Origin of volleyball
On February 9, 1895, inHolyoke, Massachusetts(USA),William G Morgan, a YMCAphysical education director, created a new game called
as a pastime to be played preferably indoors and by any number of players. The game took some of its characteristics fromtennisandhandball. Another indoor sport, basketball, was catching on in the area, having been invented just ten miles (sixteen kilometers)away in the city of Springfield, Massachusetts, only four years before. Mintonette (asvolleyball was then known) was designed to be an indoor sport less rough than basketball for older members of the YMCA, while still requiring a bit of athleticeffort.The first rules, written down by William G Morgan, called for a net 6 ft 6 in (1.98 m)high, a 25×50 ft² (7.6×15.2 m²) court, and any number of players. A match wascomposed of nine innings with three serves for each team in each inning, and no limitto the number of ball contacts for each team before sending the ball to the opponents’court. In case of a serving error, a second try was allowed. Hitting the ball into the netwas considered a foul (with loss of the point or a side-out)—except in the case of thefirst-try serve.After an observer, Alfred Halstead, noticed the volleying nature of the game at its firstexhibition match in 1896, played at the International YMCA Training School (nowcalledSpringfield College), the game quickly became known as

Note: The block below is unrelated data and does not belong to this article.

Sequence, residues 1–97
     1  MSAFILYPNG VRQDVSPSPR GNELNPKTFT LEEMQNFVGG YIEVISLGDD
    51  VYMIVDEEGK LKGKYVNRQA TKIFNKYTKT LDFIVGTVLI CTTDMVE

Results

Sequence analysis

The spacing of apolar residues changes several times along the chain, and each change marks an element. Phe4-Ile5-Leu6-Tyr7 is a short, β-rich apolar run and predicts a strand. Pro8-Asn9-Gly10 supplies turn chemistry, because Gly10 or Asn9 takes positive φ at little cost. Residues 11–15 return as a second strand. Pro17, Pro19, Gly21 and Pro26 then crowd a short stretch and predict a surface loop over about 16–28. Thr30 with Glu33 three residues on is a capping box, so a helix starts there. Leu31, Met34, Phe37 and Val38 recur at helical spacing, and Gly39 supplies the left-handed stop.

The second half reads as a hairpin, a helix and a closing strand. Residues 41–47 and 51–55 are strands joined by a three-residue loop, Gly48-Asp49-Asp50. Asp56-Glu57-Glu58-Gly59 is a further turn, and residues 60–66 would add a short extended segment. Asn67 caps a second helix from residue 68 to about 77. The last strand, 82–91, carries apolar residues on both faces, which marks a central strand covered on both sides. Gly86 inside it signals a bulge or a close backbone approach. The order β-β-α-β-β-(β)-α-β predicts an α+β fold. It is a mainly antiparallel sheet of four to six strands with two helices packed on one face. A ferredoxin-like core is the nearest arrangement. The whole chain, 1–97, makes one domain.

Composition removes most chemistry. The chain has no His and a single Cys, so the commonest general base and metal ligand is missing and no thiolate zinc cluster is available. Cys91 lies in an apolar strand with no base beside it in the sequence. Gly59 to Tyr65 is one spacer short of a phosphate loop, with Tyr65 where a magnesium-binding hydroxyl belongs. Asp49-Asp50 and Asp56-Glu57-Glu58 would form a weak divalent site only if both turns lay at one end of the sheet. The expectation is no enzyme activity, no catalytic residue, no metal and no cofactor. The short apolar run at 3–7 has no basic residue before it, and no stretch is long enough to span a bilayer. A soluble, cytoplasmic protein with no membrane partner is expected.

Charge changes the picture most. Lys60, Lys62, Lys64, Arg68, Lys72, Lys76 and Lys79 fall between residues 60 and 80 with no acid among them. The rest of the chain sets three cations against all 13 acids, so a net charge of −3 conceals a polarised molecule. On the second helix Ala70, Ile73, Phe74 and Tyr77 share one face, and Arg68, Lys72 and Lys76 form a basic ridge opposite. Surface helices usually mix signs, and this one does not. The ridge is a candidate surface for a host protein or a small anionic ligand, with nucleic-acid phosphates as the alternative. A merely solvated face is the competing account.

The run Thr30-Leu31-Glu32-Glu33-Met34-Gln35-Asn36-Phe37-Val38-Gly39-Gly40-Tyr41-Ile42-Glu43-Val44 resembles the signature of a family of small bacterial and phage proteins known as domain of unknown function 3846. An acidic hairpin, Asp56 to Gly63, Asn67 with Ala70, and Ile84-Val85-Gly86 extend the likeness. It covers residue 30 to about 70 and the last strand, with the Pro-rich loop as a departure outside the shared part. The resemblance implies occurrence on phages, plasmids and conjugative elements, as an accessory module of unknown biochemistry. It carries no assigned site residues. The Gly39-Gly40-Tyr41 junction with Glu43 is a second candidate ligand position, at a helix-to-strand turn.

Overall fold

(it wasoriginally spelled as two words: "
volley ball 
"). Volleyball rules were slightly modified by the International YMCA Training School and the game spread around the countryto various YMCAs.7